Figure 3: The Relationship Between the Amount % of Alite Phase (C3S) in Clinker and Grindability of Clinker

Belite Phase Amount and Grindability: When belite amount is below 20% in the clinker, the energy demand required for grindability decreases with the increase in belite %. However, in case there is a certain amount of belite (around 22%), the grindability energy demand increases once again.


Figure 4: The Relationship Between the Amount % of Belite Phase (C2S) in Clinker and Grindability of Clinker

Intermediate Phase (C3A and C4AF) Amount and Grindability: With an increase in the intermediate phase of more than 6 – 6.5 %, energy requirement (kwh/ton) for grindability is observed to decrease.


Figure 5: The Relationship Between the Amount % of Intermediate Phase (C3A+ C4AF) in Clinker and Grindability of Clinker

Porosity and Grindability: In contrast to literature, the required energy demand for grindability was observed to increase in parallel with the increase in porosity amount in the clinker. The reason for this is seen when porosity’s fineness module is examined.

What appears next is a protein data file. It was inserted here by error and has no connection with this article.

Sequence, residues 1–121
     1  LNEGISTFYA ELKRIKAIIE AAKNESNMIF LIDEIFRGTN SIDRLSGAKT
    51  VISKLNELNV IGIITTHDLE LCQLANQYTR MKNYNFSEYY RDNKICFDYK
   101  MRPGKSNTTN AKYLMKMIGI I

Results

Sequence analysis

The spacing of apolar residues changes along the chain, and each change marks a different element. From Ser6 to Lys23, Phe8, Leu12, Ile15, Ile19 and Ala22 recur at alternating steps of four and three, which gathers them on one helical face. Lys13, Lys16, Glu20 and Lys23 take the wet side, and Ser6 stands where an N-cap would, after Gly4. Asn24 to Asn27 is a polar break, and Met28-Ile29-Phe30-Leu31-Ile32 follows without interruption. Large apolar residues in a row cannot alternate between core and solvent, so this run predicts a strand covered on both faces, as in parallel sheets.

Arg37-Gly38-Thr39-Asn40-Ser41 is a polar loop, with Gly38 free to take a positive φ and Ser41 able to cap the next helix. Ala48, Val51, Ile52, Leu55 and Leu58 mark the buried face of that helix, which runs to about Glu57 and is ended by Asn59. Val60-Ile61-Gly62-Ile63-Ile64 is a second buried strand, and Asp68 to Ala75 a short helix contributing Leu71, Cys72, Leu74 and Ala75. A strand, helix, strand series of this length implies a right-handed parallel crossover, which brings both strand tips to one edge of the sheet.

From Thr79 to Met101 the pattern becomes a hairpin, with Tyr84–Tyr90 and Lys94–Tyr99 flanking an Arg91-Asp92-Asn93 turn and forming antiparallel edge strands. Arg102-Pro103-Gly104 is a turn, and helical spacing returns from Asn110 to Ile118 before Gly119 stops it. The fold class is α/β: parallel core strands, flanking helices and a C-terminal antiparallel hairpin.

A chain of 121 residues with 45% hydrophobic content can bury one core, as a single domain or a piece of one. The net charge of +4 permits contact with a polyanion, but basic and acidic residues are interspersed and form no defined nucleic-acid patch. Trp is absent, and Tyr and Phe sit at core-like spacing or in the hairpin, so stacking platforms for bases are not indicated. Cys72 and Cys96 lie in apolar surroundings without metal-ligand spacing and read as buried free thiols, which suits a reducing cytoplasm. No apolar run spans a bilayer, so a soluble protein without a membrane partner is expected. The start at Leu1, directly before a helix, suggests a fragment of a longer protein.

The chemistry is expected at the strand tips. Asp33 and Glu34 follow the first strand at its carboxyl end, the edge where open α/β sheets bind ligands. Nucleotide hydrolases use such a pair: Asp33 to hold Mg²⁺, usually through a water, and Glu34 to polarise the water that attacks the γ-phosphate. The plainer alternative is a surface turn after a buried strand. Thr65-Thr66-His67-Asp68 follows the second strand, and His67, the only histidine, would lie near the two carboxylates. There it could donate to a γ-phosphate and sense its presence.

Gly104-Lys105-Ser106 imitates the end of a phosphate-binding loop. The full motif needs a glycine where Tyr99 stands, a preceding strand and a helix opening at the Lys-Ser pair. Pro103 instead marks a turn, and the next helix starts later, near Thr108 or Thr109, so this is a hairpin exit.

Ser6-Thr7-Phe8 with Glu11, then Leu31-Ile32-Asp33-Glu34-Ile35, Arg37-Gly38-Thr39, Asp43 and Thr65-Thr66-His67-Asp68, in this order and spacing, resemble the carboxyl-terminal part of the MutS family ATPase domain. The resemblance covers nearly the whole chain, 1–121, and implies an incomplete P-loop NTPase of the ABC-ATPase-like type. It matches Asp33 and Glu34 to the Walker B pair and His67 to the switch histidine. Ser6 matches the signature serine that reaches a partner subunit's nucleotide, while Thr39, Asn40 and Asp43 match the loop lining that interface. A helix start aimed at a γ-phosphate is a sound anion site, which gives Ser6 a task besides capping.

Figure 6: The Relationship Between the Amount % of Porosity in Clinker and Grindability of Clinker

Table-1: Comparison of Silicate Phases and Porosity’s Fineness Modules in Clinker Samples with Job Indexes

Grindability becomes easier with high alite content in the clinker, and it becomes more difficult with high belite content. High amount of liquid phase makes grindability of clinker easier.

Cement behavior may be altered by conducting studies on clinker chemistry and mineralogical phases during clinker production process. Therefore, clinker grinding energy varies as well depending on the phase structure. Energy recovery may be obtained in grinding by bringing the phase structures to the desired levels.